The Effects of Multimedia Computer Assisted Instruction (CAI) on Teaching Tennis in Physical Education Teacher Education
The purpose of this investigation was to determine the effects of multimedia CAI on undergraduate PETE majors' teaching of the serve in tennis. The data were obtained from 18 undergraduate students enrolled in a PETE evaluation and assessment course at Virginia Tech.
Subjects were stratified by gender and randomly assigned to three groups as Computer-Assisted Instruction (CAI) group (n=6), Teacher Instruction (TI) group (n=6), and Control (CG) group (n=6).
The results of this study were gathered from three tests: Tennis Serve Content Knowledge Test, Tennis Serve Skill Analysis Test, Tennis Task Sequence Test. In addition, two six minutes micro teaching sessions were conducted and data was collected via Tennis Serve Pedagogical Content Knowledge (PCK) Assessment Sheet, and finally, an open ended survey was completed to understand students' attitudes toward CAI.
There are two independent variables in this study. These are Computer-Assisted Instruction (CAI) and Teacher Instruction (TI). A pre-test and post-test experimental design was applied. The Kruskal-Wallis test was used to determine the differences among the three groups, and pairwise ranking with the Mann Whitney U test was conducted between all comparisons as a post hoc analysis. Moreover, the Wilcoxon Signed Rank test was used to determine pre-to post-test changes within the groups. Alpha set at p< 0.5.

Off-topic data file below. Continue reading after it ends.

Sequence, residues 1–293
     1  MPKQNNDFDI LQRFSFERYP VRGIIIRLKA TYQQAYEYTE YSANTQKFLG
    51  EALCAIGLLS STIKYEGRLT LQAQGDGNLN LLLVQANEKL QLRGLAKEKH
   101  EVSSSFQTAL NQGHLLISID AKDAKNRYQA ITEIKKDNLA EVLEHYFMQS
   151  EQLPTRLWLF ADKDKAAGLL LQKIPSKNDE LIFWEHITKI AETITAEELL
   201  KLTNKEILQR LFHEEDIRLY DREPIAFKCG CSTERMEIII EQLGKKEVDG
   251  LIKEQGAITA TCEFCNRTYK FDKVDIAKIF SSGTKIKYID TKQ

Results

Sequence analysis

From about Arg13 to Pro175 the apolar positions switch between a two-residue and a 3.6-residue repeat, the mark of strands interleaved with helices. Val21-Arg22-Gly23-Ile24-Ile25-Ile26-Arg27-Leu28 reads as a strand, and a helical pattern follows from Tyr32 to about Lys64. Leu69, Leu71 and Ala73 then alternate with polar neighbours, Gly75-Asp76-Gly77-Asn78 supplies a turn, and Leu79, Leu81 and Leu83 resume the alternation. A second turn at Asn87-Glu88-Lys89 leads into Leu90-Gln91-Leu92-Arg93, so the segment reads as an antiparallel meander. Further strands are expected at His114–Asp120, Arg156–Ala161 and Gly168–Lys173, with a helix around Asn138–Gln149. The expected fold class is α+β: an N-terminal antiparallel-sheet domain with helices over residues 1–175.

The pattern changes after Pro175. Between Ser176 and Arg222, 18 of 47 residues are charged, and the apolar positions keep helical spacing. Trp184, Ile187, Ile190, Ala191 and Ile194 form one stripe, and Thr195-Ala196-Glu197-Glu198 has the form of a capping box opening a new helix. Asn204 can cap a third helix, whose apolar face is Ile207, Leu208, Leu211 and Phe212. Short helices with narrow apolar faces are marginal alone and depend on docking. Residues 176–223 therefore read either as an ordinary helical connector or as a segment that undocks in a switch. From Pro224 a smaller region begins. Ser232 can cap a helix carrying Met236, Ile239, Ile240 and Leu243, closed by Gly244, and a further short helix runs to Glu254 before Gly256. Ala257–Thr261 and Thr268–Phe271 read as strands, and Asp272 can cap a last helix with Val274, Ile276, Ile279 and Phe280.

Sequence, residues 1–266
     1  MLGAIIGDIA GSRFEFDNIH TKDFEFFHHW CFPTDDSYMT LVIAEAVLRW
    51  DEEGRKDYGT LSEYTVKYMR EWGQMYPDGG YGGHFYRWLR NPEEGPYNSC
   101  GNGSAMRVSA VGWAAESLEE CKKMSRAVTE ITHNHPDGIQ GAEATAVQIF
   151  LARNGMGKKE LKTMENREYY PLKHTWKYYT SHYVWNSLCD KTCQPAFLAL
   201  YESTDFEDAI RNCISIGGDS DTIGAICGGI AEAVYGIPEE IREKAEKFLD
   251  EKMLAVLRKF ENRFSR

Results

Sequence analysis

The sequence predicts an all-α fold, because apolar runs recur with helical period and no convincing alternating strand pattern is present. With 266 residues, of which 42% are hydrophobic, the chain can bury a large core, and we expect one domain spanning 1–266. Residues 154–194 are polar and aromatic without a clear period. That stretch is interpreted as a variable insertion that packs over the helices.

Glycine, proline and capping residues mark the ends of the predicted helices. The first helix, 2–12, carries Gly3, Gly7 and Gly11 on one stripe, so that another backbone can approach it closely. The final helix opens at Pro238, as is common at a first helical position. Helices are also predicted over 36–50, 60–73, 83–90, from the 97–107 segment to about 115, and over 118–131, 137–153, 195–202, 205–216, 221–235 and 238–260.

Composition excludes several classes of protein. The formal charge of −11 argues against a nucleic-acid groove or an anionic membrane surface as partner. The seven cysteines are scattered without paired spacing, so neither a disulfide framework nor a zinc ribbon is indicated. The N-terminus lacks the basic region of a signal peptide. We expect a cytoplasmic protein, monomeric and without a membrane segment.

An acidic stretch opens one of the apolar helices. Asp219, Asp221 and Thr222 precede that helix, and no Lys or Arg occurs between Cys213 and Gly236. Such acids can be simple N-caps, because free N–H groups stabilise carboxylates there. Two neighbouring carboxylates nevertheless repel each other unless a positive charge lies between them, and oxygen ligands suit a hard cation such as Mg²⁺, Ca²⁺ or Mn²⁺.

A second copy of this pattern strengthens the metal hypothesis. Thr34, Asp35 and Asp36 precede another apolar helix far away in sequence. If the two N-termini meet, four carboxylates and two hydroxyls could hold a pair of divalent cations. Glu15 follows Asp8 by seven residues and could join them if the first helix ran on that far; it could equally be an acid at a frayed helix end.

Overall, teacher instruction (TI) intervention was very dominant in the results. Teacher instruction (TI) group performed significantly in the tennis serve content knowledge test, tennis serve task analysis test, PCK-Appropriate cues, and PCK-Appropriate demonstration. However, CAI group was also successful in the tennis serve content knowledge test and PCK-Appropriate demonstration. Interestingly, none of the groups were successful in the tennis serve skill analysis test and PCK-Appropriate feedback. Finally, students' perception toward CAI was positive in general and students indicated that they would like to use CAI in other PETE method courses. However, some of the students reported that CAI was very repetitive, and also technical problems were reported.
The results of this study indicated that CAI can be an effective way of instruction in certain conditions: CAI had significant effect on content knowledge and PCK-Appropriate demonstration. In conclusion, the 21st century will be an information age and computers will be an essential part of the education system in all grades and ages. Physical education teacher education programs and physical education lessons in K-12 education are no exceptions. Computers and instructional technology should be an integral part of PETE and K-12 physical education without sacrificing the physical activity.